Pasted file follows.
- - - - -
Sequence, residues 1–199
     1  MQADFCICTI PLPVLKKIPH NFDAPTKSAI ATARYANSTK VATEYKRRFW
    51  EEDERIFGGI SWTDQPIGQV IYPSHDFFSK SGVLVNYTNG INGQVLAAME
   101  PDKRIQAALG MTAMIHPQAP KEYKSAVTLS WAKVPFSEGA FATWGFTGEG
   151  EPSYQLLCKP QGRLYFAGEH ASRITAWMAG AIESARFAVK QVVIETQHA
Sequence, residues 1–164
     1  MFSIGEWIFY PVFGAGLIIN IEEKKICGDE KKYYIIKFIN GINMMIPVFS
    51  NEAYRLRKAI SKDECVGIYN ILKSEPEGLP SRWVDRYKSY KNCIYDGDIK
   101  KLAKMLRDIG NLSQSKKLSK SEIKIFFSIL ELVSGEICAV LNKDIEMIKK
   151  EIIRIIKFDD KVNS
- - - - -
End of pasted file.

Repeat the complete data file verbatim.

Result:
Sequence, residues 1–199
     1  MQADFCICTI PLPVLKKIPH NFDAPTKSAI ATARYANSTK VATEYKRRFW
    51  EEDERIFGGI SWTDQPIGQV IYPSHDFFSK SGVLVNYTNG INGQVLAAME
   101  PDKRIQAALG MTAMIHPQAP KEYKSAVTLS WAKVPFSEGA FATWGFTGEG
   151  EPSYQLLCKP QGRLYFAGEH ASRITAWMAG AIESARFAVK QVVIETQHA
Sequence, residues 1–164
     1  MFSIGEWIFY PVFGAGLIIN IEEKKICGDE KKYYIIKFIN GINMMIPVFS
    51  NEAYRLRKAI SKDECVGIYN ILKSEPEGLP SRWVDRYKSY KNCIYDGDIK
   101  KLAKMLRDIG NLSQSKKLSK SEIKIFFSIL ELVSGEICAV LNKDIEMIKK
   151  EIIRIIKFDD KVNS